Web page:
Nowadays, most people who know of Chris Evans know of him as Captain America from the Marvel Cinematic Universe. However, many of those fans remember the days when Evans was playing the Human Torch in a Fox-owned Fantastic Four Marvel movie, before the days of Iron Man and the Marvel Cinematic Universe's popularity, let alone existence. While Evans has dozens of credits to his acting resume, he remembers the moment when he learned the super hero life was going to be the life for him more than the beginning of most of his other opportunities.
"That was back when the superhero thing was just taking off," Evans said on THR's podcast. "For the most part, this was right on the heels of the Spider-Man with Tobey Maguire and the X-Men, so the super hero thing was just taking off. You try to remember the moments in your life when you get those phone calls to get a job and I'm ashamed to admit that I can't always remember getting those calls but that one I remember. There was a lot of other personal things. I think I had just been dumped. I needed a win. I remember getting that phone call and just thinking, 'Aw, yes!' It was really a role that I enjoyed, it was the best paycheck I had ever gotten. It felt like a little bit of a corner had been turned and maybe I could parlay this into something else."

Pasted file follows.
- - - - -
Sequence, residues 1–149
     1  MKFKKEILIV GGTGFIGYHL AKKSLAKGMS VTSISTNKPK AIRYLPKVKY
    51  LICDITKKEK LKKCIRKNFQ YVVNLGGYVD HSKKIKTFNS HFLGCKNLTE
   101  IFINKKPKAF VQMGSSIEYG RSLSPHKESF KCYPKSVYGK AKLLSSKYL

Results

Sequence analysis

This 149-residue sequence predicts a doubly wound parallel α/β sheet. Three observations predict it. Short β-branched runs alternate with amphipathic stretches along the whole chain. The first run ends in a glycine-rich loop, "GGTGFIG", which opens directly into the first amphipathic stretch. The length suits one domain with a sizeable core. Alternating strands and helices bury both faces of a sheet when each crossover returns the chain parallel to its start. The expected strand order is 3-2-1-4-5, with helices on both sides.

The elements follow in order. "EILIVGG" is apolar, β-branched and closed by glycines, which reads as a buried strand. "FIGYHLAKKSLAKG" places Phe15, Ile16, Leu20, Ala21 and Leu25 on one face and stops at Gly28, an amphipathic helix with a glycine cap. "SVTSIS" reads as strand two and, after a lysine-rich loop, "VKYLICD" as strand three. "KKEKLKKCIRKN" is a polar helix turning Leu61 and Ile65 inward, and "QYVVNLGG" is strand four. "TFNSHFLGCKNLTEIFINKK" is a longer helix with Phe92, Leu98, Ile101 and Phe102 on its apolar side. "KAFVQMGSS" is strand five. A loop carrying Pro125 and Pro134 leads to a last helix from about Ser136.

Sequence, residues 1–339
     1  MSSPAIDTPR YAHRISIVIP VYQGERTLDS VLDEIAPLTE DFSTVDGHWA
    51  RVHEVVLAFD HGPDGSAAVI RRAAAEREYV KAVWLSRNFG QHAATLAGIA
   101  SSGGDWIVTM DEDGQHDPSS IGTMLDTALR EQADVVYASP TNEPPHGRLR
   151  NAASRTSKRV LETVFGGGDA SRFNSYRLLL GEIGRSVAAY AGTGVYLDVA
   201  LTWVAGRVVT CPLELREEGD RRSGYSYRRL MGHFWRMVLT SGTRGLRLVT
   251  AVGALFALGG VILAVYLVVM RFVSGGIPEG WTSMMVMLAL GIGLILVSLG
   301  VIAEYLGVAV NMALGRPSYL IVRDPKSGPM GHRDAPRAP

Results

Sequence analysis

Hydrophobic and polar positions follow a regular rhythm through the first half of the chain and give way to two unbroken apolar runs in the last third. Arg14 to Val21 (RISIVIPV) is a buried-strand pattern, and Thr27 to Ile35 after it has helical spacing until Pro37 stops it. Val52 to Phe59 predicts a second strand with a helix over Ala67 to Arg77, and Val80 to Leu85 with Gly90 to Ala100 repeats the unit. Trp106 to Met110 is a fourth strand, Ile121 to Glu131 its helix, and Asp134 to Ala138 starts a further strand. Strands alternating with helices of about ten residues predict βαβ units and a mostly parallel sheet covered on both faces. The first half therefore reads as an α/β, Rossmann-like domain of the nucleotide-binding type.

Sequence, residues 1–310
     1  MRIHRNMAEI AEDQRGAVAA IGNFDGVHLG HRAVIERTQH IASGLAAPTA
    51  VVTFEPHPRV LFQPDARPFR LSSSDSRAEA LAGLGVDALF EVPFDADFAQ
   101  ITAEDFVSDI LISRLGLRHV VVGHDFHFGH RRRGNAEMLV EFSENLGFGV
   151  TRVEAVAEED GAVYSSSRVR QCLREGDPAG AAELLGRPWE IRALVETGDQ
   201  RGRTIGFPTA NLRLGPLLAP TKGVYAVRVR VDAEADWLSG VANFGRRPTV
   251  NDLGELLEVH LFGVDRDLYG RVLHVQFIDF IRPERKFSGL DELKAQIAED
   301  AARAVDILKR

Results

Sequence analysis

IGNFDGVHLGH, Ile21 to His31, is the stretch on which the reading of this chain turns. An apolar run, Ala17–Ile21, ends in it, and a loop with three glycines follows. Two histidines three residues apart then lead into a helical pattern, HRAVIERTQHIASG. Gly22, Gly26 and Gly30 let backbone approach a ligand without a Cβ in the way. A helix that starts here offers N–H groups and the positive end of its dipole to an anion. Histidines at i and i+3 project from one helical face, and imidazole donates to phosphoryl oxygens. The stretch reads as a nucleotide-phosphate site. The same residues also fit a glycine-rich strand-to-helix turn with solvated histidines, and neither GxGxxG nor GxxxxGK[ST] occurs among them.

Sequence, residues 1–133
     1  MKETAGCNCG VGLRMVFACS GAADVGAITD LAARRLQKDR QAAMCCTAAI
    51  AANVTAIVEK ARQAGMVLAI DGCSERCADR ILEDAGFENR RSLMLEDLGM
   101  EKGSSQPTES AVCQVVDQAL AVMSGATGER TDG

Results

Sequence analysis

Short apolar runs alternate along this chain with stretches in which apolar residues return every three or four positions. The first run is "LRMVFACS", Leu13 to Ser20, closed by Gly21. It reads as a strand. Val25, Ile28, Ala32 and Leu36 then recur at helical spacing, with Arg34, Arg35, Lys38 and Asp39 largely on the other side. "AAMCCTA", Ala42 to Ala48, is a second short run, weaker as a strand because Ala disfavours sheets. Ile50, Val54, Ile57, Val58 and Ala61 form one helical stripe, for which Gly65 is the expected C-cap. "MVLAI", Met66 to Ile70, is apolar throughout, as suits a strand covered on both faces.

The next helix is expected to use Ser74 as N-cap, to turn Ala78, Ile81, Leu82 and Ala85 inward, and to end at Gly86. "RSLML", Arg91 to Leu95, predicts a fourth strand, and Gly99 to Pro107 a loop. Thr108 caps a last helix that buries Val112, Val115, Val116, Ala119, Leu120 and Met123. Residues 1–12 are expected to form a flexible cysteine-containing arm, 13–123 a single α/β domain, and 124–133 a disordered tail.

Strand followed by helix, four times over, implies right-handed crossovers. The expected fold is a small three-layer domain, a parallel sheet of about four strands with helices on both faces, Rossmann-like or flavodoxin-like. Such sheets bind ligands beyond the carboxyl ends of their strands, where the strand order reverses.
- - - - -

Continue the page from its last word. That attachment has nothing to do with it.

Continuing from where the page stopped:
To this point, Evans had been getting steady work, but nothing he was particularly thrilled for. "I was really lucky in the sense that there was always something," he recalled. "I wasn't locking down giant, giant movies but there was always enough to feel like I could make a living doing this."
At the time, Disney was not yet making Marvel movies. Fantastic Four was a Fox movie but there was one common denominator between Fox's Fantastic Four role for Evans and his Marvel Studios role as Captain America: Kevin Feige. "It was Kevin but he was still working at Fox," Evans said. "He was certainly on the job. He was one of the guys that I really got along with."
Quickly, Evans learned how serious his career and choices would be. "In the beginning you're just happy to be there," Evans explained. "Then, all of the sudden, it just comes into focus that you may only get so many shots at this...It starts to feel a bit heavy and anxiety comes with that."
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